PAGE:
CALLING MR. LONELY HEARTS by Laura Benedict is a supernatural suspense, a genre that I only touch lightly here at Fantasy Debut. Usually, I like heroic tales of high adventure, which this book is decidedly not. But I loved it anyway. I couldn't put it down.
CALLING is a complex tale about three women, Alice, Roxanne and Del. Alice is the ultimate follower--she would do anything that her hero, Roxanne, says. Roxanne relishes this power, and like all power, it corrupts her. Del is Roxanne's supportive best friend. And Roxanne is the only thing that keeps the three of them together. The story starts when they are thirteen-year-old girls. Roxanne cooks up a ritual--a spell--that will bring them a boyfriend. Del thinks they're just playing. Alice knows they're not.
Jump ahead about twenty years to a very unpleasant character, a young man named Dillon. Dillon has just had a car accident with a well-dressed man with an unusual name--Verick. It turns out that Dillon's sister is Thad's lover. Who is Thad? Thad is Alice's husband. And Verick has targeted Dillon for a reason. The whole book is like this. All these little connections that don't become obvious until many pages later. It was like trying to trace a spider's web. Not just any spider--a black widow. Which spins a web that looks like nothing more than a tangle of silk.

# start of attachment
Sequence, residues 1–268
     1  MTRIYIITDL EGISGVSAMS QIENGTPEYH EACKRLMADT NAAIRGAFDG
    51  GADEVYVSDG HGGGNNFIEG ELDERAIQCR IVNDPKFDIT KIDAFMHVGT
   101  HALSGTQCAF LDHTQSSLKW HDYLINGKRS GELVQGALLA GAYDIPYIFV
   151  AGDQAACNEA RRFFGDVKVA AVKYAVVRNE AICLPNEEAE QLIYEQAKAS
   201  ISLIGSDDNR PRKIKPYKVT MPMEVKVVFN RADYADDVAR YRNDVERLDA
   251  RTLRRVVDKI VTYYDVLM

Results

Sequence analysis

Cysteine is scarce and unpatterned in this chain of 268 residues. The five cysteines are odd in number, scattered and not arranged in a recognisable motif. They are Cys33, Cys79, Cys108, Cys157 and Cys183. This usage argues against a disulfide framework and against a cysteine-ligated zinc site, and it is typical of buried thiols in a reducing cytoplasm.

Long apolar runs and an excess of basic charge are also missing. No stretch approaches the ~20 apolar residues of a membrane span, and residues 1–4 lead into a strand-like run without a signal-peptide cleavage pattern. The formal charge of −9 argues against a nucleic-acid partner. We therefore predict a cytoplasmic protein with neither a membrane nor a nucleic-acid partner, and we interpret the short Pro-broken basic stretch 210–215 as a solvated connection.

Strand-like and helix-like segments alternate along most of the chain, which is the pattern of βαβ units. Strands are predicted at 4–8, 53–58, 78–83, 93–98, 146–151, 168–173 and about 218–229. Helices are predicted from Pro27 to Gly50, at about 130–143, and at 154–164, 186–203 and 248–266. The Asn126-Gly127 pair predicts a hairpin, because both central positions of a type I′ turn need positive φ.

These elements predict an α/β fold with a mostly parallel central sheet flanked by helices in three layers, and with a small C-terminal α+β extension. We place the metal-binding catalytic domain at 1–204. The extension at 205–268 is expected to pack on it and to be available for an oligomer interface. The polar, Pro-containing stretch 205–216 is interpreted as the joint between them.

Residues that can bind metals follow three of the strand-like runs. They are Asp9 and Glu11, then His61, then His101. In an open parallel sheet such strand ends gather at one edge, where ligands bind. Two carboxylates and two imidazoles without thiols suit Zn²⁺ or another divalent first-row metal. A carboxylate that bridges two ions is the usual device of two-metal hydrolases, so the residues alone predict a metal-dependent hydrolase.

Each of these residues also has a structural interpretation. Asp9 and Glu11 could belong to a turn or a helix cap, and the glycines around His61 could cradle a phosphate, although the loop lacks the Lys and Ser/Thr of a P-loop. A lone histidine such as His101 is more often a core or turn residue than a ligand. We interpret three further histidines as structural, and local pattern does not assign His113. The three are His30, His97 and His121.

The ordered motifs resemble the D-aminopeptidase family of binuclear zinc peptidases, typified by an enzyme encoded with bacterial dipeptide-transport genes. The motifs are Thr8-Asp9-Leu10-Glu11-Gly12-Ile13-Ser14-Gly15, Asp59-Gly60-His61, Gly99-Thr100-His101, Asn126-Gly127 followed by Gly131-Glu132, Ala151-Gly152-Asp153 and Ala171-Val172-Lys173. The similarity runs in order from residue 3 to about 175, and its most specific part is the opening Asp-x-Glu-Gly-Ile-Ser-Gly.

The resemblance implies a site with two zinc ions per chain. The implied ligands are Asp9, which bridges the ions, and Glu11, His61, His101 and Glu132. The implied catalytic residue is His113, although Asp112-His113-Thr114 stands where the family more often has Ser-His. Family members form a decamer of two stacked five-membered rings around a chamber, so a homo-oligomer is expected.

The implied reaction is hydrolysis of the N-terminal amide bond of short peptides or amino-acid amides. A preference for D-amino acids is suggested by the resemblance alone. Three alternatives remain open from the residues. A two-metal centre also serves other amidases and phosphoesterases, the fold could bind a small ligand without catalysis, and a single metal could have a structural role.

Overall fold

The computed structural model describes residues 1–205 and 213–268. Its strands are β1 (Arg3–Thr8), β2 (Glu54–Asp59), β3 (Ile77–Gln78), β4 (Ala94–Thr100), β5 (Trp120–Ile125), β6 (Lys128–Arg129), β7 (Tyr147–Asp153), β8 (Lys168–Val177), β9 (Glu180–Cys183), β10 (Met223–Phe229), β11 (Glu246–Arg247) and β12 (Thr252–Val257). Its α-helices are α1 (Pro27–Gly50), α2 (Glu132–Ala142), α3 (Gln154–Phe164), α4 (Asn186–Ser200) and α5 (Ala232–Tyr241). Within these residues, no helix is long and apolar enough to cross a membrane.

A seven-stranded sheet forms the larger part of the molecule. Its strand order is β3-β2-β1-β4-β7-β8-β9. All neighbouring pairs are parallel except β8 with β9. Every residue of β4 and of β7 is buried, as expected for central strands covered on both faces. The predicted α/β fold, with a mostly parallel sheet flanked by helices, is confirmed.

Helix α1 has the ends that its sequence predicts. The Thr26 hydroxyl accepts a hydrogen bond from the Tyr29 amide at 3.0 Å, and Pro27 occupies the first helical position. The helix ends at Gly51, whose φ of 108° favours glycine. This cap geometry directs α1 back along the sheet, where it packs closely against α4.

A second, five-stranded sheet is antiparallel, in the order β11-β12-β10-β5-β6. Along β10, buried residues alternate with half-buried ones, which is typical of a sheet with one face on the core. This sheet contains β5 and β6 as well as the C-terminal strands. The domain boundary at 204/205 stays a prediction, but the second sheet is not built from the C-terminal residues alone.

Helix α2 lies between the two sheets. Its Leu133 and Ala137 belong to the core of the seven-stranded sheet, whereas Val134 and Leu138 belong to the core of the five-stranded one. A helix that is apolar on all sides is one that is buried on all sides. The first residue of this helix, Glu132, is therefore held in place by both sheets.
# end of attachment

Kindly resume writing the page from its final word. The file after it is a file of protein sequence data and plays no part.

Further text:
And then we have Romero, who turns out to be a former priest. Who turns out to have been a teacher where young Alice, Roxanne and Del went to school. And we have the sin that drew them all together years ago. And another sin that brings them together once again, years later.
One thing interesting about the horror genre is that it is not afraid to work with Christian elements. This novel has many Christian elements, unapologetically presented. It also has elements of Santeria, which is a blend of Christian saint worship and West African religious traditions. Satan is a character in this novel, and he is absolutely chilling. CALLING is about a deal with the devil--and not the sort of deal you might suspect. And it doesn't have the sort of punishments you might expect. Not all of the sinners die--and not all of the good characters live.
CALLING is not for the faint of heart. It is not a happy book. I would have preferred that there not be so many deaths at the end, but the author knew when to stop. I expected another death, but he lived. The author may take some heat for underage sex here--underage sex with an adult man--but I think she handled it well. But there is a hero by the end after all-someone I never expected. Bravo for him. It was great.
This is the sort of novel that I like to read again in order to find answers that eluded me the first time. It's one for the keeper shelf.